obviously elongated due N-S, while the averted-vision halo appeared
very irregular, with wisps to SW, N, and ENE occasionally visible.
Perhaps hints of ring structure were visible, despite the distance!
ngc 7611 mag 12.5 size 1.5'x0.6' type SB0a?
Actually the first object seen, just 5' NW of the mag 7 anchor star,
this galaxy's bright core was at first mistaken to be a mag 10 star!
After consulting the chart in Luginbuhl & Skiff however, I rechecked
this "field star", and immediately noticed that it comprised both a
distinct stellar nucleus and a seemingly overpowered elongated core,
stretching NW-SE perhaps a full minute of arc. No hint of a halo or
detail could be seen, although the object may bear a better look.
ugc 12518 mag 15.5p size 1.3'x0.2' type Sbsp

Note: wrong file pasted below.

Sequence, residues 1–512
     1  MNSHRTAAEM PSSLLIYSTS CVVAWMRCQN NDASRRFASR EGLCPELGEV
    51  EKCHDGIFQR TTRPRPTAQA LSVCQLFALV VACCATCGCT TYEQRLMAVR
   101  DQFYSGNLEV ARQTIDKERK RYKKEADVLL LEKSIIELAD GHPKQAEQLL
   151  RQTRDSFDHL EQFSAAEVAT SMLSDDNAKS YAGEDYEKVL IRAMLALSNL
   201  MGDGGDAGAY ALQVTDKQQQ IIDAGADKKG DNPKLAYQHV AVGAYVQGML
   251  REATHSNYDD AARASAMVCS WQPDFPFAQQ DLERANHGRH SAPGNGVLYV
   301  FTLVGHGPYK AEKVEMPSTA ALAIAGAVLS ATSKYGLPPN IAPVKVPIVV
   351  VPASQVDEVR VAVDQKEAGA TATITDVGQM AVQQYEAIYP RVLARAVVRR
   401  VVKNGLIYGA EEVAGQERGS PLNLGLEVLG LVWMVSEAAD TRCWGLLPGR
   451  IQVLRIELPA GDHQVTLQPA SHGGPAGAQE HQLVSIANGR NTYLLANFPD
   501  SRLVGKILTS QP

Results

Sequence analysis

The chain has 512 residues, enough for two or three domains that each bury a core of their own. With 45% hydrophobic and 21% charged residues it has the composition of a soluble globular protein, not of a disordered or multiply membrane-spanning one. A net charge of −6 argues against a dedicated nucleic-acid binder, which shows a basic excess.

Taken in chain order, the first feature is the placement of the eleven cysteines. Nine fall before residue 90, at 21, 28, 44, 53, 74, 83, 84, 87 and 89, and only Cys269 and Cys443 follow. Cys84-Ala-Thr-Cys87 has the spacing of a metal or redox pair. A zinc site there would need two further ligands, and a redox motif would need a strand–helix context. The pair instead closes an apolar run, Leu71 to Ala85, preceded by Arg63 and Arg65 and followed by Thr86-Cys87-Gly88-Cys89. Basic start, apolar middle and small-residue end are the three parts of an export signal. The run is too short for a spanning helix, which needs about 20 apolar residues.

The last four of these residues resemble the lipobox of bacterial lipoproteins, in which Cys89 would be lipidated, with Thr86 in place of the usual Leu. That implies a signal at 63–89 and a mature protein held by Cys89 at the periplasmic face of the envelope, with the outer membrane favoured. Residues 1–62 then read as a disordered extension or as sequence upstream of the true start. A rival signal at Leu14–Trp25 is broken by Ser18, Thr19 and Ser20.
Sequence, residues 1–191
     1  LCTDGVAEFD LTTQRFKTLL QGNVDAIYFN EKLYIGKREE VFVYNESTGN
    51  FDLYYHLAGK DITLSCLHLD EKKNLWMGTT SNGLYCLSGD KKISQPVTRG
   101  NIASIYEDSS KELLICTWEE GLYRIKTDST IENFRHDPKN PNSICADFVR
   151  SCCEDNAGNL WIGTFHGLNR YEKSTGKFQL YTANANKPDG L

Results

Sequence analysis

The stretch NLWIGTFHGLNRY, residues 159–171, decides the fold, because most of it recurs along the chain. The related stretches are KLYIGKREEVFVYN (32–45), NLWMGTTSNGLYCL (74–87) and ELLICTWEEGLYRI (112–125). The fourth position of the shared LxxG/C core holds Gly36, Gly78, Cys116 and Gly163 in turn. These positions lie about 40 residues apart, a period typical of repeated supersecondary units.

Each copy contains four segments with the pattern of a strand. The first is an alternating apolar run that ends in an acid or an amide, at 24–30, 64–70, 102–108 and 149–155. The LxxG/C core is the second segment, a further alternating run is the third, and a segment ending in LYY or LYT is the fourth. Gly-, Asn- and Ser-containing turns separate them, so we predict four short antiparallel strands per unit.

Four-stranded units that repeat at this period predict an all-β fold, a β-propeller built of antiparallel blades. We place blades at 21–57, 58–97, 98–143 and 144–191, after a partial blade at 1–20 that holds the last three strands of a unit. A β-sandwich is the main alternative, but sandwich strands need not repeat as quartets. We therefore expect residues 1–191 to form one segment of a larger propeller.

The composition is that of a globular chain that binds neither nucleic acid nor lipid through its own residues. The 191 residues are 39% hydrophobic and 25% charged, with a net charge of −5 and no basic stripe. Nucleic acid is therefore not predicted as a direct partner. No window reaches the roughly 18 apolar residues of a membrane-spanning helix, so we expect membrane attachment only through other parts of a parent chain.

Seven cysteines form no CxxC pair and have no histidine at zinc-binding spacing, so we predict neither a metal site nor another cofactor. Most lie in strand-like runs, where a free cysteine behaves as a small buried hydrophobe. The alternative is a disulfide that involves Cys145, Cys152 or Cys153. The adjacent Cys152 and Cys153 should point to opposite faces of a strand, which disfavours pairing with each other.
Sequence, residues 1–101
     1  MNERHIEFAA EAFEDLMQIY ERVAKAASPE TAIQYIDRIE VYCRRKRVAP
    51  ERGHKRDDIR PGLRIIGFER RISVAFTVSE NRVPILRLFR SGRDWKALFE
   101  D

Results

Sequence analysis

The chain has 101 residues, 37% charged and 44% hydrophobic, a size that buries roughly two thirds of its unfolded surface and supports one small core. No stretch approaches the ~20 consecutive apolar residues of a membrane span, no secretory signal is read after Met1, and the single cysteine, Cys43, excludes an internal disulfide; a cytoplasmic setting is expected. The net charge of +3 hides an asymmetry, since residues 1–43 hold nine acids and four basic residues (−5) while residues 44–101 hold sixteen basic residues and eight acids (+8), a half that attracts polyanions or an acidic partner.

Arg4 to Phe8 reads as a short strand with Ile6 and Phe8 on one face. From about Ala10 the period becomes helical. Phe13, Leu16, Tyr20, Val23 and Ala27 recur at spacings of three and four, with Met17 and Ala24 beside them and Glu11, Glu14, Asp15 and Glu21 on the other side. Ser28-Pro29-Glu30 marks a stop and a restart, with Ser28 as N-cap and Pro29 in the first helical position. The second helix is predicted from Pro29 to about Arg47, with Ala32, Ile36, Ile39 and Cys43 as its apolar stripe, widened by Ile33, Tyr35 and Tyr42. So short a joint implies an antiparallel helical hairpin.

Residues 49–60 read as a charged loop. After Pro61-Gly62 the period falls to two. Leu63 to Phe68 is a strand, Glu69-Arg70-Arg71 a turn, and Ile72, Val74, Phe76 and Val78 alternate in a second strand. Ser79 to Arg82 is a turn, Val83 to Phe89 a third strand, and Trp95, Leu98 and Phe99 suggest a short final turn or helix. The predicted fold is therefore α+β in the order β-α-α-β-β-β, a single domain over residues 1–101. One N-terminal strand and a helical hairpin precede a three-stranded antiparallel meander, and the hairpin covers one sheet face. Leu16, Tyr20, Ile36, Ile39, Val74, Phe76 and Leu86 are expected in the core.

Last stop on my sweep through Peg I, this little "extended star" was a
suprisingly easy catch to averted vision, just 5-10' SE of that mag 7
anchor, and nearly in a line from it to nearby n7611 (above). However,
once found, it showed only a hint of its N-S elongation and no detail.
That was it! Even more time could have been taken with this pretty
field - several more galaxies SHOULD'VE been in the range of the 20"
under these skies (including bright n7612 and n7608, and a number of
Upsalla, MCG, and Zwicky members). But other galaxy groupings, some
even bigger and/or more challenging, beckoned to us on this beautiful
dark night. Oh well, once my dob's TRUSSES are fixed dob, some future
Fall or early Winter night will offer this pretty grouping for study...